By Billy Cheung
NEW YORK (Reuters) - LightSquared hopes to submit a consensual restructuring plan by Friday, although the judge overseeing the wireless venture's bankruptcy isn't convinced that will happen.
In a court hearing on Tuesday, a lawyer for the company said it aims to file a reorganization plan that has the support of its creditors by Friday, putting the company, owned by Phil Falcone's Harbinger Capital Partners, on track to exit bankruptcy around the end of March.
But Judge Shelley Chapman, in U.S. Bankruptcy Court in Manhattan, voiced skepticism that parties in the fractious case could reach a deal by then.
"The likelihood of there being something consensual by Friday seems to be zero," Chapman said.
LightSquared went bankrupt in 2012 after the Federal Communications Commission revoked its license to build a massive wireless network, amid fears it could interfere with GPS systems.
Three competing restructuring proposals are on the table - one backed by Harbinger and two others from creditor groups - but the company has said it plans to engage creditors and work toward a consensual deal.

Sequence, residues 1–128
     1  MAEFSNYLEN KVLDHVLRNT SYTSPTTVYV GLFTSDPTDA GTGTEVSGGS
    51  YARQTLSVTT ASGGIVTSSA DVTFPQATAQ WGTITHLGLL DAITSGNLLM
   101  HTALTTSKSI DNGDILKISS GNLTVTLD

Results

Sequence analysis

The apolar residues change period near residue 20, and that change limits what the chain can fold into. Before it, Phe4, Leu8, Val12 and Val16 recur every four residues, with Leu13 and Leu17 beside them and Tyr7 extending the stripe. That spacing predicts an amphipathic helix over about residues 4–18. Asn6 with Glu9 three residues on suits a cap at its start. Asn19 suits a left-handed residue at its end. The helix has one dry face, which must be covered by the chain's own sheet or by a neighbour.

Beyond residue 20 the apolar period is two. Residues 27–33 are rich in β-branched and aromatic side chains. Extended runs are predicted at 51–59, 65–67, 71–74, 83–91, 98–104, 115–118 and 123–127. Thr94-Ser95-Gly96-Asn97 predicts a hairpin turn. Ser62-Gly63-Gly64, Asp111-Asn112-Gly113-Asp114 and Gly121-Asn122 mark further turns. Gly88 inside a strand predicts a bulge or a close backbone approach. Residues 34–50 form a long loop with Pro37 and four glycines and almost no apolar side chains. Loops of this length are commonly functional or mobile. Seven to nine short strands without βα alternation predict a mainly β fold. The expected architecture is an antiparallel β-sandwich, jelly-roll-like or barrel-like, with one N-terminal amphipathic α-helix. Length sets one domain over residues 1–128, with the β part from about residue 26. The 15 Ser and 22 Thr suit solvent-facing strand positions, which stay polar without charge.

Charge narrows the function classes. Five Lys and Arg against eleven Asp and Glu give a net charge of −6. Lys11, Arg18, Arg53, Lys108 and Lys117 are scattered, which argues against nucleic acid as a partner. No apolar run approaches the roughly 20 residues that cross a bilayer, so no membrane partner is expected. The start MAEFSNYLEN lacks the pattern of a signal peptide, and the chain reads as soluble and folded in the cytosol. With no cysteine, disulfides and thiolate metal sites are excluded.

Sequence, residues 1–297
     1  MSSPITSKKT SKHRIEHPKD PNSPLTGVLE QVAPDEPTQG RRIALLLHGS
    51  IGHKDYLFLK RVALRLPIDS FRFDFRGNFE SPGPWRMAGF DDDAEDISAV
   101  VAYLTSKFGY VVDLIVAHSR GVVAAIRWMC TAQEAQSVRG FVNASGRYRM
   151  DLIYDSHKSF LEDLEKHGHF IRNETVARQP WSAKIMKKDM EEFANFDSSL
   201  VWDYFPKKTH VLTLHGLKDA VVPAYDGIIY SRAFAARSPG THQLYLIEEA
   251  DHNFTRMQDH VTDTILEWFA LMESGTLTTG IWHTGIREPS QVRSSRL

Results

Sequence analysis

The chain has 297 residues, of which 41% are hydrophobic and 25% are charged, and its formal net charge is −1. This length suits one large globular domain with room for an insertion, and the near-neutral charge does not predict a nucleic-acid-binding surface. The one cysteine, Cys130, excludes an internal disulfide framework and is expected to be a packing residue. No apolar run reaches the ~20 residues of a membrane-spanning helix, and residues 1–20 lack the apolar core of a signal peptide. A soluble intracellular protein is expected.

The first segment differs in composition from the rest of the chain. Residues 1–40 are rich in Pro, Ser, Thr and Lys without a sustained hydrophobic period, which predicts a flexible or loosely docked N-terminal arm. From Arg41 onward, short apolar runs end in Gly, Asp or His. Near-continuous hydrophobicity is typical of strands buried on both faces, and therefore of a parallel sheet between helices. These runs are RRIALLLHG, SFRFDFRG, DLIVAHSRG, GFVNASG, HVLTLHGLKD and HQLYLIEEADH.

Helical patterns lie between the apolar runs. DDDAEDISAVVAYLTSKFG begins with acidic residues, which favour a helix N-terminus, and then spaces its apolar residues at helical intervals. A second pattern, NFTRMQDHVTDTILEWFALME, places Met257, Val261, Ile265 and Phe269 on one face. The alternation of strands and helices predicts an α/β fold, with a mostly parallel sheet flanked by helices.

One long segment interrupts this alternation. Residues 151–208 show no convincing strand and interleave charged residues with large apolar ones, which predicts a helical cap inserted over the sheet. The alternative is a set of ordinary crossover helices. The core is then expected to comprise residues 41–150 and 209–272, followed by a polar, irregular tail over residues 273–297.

The key question is whether any restructuring plan would have the support of an investment vehicle run by Dish Network Corp Chairman Charles Ergen. The Ergen entity holds enough LightSquared debt to give him sufficient voting clout to block any restructuring plans that he opposes.
So far, discussions with creditors have not included Ergen, and the sides have been anything but friendly throughout the case. LightSquared has accused Ergen in a separate lawsuit of surreptitiously buying up its debt to set the stage for a takeover of the company by Dish.
Dish indeed made a $2.2 billion offer for LightSquared's spectrum, but withdrew the offer last month.
A separate trial in the lawsuit against Ergen is ongoing, and Chapman on Tuesday scheduled closing arguments in that case for March 12. She requested additional evidence from LightSquared to back up its argument that Ergen bought the debt on behalf of Dish in an effort to circumvent a credit agreement that barred competitors like Dish from acquiring the debt.
Ergen maintains his LightSquared purchases were personal investments.
The case is In Re LightSquared Inc et al., U.S. Bankruptcy Court, Southern District of New York, No. 12-12080.
(Reporting by Billy Cheung; Additional reporting by Nick Brown; Editing by Eric Walsh)